People depend on their jobs for their livelihood. They trust that the people they work for will conduct themselves professionally, in a manner consistent with basic ethical standards. However, that does not always occur, and some employees may feel that it is their duty to raise an alarm on any situation that seems concerning. If an employer decides to fire an employee for that reason, it may be considered wrongful termination. This is what one former administrative assistant to a charter school here in California alleges happened to her.
A recent article was published about the misclassification of employees and how it is costing them fair compensation and benefits packages. When it comes to employment classification, workers in California will fall under one of the following categories: independent contractor, freelancer or employee. What is the difference, and why does it matter?
Several workers at a UPS warehouse in another state have filed legal claims against the company for its failure to take action when reports of racial abuse were made. Discrimination in any of its forms is unacceptable in any work environment here in California or elsewhere. All employees have the right to enjoy an employment experience free from harassment and abuse. The accusations made in this particular case are quite disturbing. Anyone experiencing the same thing should know that it is not something that they have to live with.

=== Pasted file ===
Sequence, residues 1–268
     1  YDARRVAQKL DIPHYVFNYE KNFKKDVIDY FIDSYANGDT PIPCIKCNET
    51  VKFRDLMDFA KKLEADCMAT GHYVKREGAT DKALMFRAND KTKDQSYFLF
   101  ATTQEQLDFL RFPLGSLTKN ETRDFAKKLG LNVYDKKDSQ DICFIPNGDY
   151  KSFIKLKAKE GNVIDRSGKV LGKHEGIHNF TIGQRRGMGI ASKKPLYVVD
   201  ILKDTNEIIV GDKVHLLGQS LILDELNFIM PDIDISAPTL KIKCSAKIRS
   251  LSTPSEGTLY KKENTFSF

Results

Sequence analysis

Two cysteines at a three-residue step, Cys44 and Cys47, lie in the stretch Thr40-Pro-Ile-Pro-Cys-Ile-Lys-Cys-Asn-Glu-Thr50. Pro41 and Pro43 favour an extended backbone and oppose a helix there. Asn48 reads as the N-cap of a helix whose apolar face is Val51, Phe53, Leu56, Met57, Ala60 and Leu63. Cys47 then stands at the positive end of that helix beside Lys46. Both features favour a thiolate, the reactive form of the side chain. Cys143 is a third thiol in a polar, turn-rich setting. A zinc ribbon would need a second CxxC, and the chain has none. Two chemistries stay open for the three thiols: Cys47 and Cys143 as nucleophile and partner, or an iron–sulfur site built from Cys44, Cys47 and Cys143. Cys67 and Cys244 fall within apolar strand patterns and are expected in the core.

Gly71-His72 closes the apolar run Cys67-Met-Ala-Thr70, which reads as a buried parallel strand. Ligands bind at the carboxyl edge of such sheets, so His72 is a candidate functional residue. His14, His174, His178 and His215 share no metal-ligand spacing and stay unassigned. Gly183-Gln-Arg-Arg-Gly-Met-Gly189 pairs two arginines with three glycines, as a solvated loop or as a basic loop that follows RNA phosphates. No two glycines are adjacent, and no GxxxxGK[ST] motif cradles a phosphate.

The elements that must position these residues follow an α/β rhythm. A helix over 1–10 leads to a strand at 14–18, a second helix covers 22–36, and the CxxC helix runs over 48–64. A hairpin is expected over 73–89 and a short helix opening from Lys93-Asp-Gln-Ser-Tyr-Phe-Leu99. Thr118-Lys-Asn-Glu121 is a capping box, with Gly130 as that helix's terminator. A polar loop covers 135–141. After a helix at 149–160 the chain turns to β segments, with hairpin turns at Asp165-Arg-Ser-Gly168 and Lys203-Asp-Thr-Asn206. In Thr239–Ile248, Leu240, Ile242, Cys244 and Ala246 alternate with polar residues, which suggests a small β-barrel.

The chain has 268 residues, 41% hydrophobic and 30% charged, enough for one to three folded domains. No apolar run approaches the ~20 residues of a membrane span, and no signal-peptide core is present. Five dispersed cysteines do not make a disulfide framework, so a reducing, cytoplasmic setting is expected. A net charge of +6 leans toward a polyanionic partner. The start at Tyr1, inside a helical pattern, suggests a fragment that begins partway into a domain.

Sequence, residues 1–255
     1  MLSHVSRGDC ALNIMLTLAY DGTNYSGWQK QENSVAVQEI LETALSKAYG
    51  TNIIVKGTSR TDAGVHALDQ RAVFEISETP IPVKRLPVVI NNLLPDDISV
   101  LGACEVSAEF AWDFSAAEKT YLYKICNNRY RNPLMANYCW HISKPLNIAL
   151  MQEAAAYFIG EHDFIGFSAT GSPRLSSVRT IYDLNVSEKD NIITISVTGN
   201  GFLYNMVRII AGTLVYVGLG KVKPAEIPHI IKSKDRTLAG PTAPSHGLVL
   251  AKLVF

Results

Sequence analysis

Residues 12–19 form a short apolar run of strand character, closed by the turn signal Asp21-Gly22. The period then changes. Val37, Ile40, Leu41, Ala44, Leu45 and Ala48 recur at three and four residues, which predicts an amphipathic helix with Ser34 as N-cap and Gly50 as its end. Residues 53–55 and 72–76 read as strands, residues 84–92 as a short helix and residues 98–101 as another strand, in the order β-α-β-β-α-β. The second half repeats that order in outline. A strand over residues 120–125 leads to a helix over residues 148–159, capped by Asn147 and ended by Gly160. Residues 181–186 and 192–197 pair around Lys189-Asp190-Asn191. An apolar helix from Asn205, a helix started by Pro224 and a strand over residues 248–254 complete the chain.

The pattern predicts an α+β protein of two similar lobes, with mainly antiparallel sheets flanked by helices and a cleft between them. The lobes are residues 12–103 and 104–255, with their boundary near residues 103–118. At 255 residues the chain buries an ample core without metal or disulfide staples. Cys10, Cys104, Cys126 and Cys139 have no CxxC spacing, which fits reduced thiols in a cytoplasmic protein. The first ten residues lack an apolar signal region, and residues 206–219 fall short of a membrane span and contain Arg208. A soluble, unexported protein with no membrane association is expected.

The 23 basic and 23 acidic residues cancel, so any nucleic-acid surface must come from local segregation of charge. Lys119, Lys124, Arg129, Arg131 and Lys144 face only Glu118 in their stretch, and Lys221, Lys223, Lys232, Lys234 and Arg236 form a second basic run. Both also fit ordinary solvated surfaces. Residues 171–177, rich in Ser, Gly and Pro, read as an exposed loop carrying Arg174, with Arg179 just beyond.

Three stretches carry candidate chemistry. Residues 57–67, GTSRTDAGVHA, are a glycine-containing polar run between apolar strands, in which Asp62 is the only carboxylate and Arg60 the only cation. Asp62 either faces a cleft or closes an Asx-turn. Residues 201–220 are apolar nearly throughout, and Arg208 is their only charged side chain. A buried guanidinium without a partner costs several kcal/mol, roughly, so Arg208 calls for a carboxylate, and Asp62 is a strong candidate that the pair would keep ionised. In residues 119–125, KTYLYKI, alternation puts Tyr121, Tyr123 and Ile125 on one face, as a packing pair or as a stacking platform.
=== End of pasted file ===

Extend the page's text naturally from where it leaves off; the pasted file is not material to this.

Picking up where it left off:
Up until recently, Google has used arbitration to handle internal company issues. This practice was required per employee contracts. Just recently, this practice was ended. When an employment dispute arises, Google employees in California and elsewhere now have the ability to turn to litigation for resolution.
A Midwest-based tire company has been found to be in violation of the Fair Labor Standards Act by failing to properly pay its employees. Best-One Tire, which has stores in 24 states -- California not included -- reportedly failed to pay over 1,000 employees overtime pay or paid them overtime rates lower than what the law requires. The company now has to pay those wages and make changes to how they will compensate employees going forward. While California residents may not be affected by this particular company, it is still a good read for anyone who believes that their employers are failing to provide adequate employment compensation.